UK unemployment has hit a fresh 17-year high after the public sector shed thousands more jobs than anticipated and as many economists predicted the private sector failed to pick up the slack. Youth unemployment increased holding above the record high of over 1 million and the total number of unemployed people rose to 2.64m over the three months to October, according to the official ONS figures. The Office for National Statistics said that at 8.3% the unemployment rate was now at its the highest since 1996.
European Central Bank governing council member Klaas Knot stated this morning that the eurozone rescue fund, or contribution to the IMF, must be at least €1tn. He said the buying of sovereign debt is just a temporary measure and that European leaders will succeed in solving the debt crisis only if the rescue fund is increased. Eurozone industrial output fell 0.1% in October, compared with a month earlier. It was 1.3% up on the previous year.
European leaders meeting in Brussels agreed to make bilateral loans to the IMF of as much as 200 billion euros ($270 billion), with 150 billion euros contributed by Eurozone members and 50 billion from other members of the EU. Prime Minister David Cameron has not referred to this obligation in any of his post-summit statements. The Telegraph this morning is reporting that Britain’s share of the €50bn is £30bn.
The MSCI All Country World Index had lost 0.4 percent by 10:35 a.m. in London. The Stoxx Europe 600 Index had fallen by 0.5 percent, whilst S&P 500 futures rose 0.2 percent. Copper dropped 1.6 percent. The yield on Italy’s five-year bond fell 10 basis points to 6.70 percent after the government sold the amount of debt it planned at an auction today. The cost of insuring against default on European sovereign debt approached a record. Italy’s five-year borrowing costs are expected to rise further above 6 percent on Wednesday, to mark a new euro lifetime high, at an auction that will provide a first test of bond market sentiment towards the euro zone after last weekend’s EU summit.
Measures agreed by European leaders to strengthen fiscal discipline have not convinced markets the debt crisis will be resolved and threatened rating downgrades for euro zone states averted, or curbed yields on outstanding Italian debt. Saddled with a debt equivalent to 120 percent of gross domestic product, Italy has seen its funding costs spiral towards unsustainable levels since taking centre stage in the debt crisis in early July.
The yield on the five-year BTP bond it will sell on Wednesday topped 7 percent on Monday, although it was able to sell short-dated debt on the same day at a slightly lower cost than the euro-era high levels seen a month before. Italy paid 6.3 percent in November to sell five-year bonds, its highest cost of borrowing since the single currency’s adoption in 1999.
Chancellor Angela Merkel is due to address Germany’s parliament today on the rescue package announced by European leaders for the region last week. The Fed said yesterday that the U.S. is maintaining growth even as the global economy slows, disappointing investors who expected a third round of asset purchases. The Munich-based Ifo institute cut its 2012 economic growth forecast for Germany, Europe’s largest economy, to 0.4 percent from 2.3 percent today.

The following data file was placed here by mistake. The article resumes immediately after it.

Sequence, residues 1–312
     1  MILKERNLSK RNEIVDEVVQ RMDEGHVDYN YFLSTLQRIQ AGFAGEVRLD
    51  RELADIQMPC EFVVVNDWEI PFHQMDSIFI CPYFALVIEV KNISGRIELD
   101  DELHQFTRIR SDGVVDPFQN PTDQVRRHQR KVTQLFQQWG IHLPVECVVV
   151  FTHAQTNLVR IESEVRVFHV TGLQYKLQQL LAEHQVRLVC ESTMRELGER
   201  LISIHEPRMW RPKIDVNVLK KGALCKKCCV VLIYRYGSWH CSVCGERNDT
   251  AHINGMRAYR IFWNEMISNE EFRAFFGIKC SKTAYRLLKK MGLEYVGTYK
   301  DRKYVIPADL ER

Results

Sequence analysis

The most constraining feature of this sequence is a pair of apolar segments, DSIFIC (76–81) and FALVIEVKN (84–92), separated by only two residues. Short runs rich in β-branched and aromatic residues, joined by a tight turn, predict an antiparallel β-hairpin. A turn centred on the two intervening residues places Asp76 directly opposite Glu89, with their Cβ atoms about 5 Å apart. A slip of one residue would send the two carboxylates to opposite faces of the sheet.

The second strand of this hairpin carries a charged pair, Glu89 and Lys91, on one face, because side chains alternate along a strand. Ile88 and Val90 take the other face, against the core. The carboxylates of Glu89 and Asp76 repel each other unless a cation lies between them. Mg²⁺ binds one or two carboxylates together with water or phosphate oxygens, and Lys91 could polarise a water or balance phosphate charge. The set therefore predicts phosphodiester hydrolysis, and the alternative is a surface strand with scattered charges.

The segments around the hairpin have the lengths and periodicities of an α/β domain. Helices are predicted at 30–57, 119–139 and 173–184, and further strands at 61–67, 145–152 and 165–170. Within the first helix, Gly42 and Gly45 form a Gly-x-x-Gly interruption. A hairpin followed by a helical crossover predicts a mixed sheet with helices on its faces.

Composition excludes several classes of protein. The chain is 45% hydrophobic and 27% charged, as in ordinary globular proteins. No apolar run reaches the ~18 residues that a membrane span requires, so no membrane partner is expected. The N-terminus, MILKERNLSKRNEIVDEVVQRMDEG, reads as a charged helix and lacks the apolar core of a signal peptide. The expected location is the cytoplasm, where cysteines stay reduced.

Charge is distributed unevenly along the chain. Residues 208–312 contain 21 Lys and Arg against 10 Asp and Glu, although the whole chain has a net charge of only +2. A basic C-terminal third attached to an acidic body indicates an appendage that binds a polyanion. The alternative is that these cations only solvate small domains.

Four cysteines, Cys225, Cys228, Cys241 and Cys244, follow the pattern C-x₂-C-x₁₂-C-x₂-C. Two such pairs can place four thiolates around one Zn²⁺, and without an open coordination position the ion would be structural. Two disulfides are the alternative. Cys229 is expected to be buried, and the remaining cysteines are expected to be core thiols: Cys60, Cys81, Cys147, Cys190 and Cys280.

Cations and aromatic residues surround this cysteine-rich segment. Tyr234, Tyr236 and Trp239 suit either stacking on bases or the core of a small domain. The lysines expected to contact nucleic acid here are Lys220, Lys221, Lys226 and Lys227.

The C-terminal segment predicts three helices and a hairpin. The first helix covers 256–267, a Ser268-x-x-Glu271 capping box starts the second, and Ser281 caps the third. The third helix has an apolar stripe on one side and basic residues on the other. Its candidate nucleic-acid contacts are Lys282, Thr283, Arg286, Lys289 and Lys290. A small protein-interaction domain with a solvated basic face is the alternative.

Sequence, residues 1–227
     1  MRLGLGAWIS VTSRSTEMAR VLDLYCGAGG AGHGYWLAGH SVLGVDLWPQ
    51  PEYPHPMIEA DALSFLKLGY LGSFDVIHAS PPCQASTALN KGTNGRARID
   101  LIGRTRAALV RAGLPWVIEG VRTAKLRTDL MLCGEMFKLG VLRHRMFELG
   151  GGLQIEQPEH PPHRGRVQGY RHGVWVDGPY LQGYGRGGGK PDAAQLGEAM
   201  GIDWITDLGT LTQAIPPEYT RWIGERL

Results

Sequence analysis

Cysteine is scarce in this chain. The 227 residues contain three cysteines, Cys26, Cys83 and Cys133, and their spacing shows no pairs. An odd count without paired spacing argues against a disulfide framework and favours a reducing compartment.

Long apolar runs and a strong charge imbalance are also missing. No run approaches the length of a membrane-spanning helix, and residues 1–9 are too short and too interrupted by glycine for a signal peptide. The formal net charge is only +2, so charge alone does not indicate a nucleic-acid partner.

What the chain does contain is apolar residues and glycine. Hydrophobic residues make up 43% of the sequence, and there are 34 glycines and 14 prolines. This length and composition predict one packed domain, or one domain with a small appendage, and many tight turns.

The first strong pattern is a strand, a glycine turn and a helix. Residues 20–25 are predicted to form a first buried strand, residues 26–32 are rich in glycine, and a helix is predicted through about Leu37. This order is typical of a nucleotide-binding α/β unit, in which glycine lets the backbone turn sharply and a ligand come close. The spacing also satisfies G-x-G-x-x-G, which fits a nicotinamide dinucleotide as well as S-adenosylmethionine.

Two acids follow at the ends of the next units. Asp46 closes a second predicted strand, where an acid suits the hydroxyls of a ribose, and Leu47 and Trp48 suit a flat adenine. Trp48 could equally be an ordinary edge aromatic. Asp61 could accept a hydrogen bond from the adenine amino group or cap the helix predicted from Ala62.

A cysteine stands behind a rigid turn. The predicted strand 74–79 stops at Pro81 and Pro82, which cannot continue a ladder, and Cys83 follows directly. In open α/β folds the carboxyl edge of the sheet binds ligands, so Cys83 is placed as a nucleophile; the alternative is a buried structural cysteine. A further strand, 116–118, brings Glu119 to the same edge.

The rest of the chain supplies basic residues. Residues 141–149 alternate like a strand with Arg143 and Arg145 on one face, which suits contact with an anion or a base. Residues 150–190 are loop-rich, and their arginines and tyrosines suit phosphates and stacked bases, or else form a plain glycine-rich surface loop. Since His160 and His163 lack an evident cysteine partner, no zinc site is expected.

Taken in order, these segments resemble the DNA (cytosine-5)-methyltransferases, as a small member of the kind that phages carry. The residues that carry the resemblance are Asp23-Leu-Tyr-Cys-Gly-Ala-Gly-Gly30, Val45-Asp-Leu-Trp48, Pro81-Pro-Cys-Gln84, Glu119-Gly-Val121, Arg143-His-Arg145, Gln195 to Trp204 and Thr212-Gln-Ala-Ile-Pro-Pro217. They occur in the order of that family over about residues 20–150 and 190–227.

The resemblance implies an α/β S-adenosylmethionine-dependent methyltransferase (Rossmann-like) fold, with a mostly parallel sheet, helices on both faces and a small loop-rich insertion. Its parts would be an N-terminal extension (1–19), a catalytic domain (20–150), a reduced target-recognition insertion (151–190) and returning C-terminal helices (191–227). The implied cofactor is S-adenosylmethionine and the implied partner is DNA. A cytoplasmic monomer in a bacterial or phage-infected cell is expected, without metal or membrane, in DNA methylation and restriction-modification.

The euro was little changed after falling 0.3 percent to $1.3005, the weakest since Jan. 12. The Norwegian krone strengthened versus 13 of 16 major peers tracked by Bloomberg before the central bank announces an interest-rate decision today. Norges Bank will lower its overnight deposit rate to 2 percent from 2.25 percent, according to a survey of economists, the first cut in more than two years.
The Swiss central bank may resist pressure from exporters to further curb the strength of the franc as officials avoid testing the credibility of their currency policy and take time to assess deflation risks. The Swiss National Bank, led by Philipp Hildebrand, will keep the franc’s minimum exchange rate at 1.20 per euro, according to 9 out of 13 economists in a Bloomberg News survey. The Zurich-based central bank will also maintain its benchmark interest rate at zero, when policy makers announce their decision at 9:30 a.m. tomorrow, a separate survey shows.
The franc, seen as a haven in times of turmoil, gained as much as 37 percent against the euro in the year before the SNB imposed the limit on Sept. 6, as European leaders failed to contain the debt crisis. It reached a record 1.0075 per euro on Aug. 9 and has traded in a range of 1.20 to 1.25 since policy makers imposed the cap.
The SNB had a record loss of $21 billion in 2010 after it purchased foreign currencies at an unprecedented pace in the 15 months through June to stem franc gains.
Market snapshot at 11:00 am GMT (UK time)
Asian Pacific markets suffered mixed fortunes in the overnight early morning trading session. The Nikkei closed down 0.39%, the Hang Seng closed down 0.5% and the CSI closed down 1.01%. The ASX 200 closed down 0.07%. European markets are down, the STOXX 50 is down 0.93%, the UK FTSE is down 0.73%, the CAC is down 1.42%, the DAX is down 0.85%. The SPX equity index future is up 0.2%. Ice Brent crude is down $0.81, Comex gold is down $28.9 per ounce.
Economic calendar data releases that may affect the afternoon session sentiment
12:00 US – MBA Mortgage Applications
13:30 US – Import Price Index November
A Bloomberg survey shows a median expected change of +1.0% (month on month) for imported prices compared with the previous released figure of -0.60%.The year-on-year figure is forecast to fall to +10.10%, from 11.0%.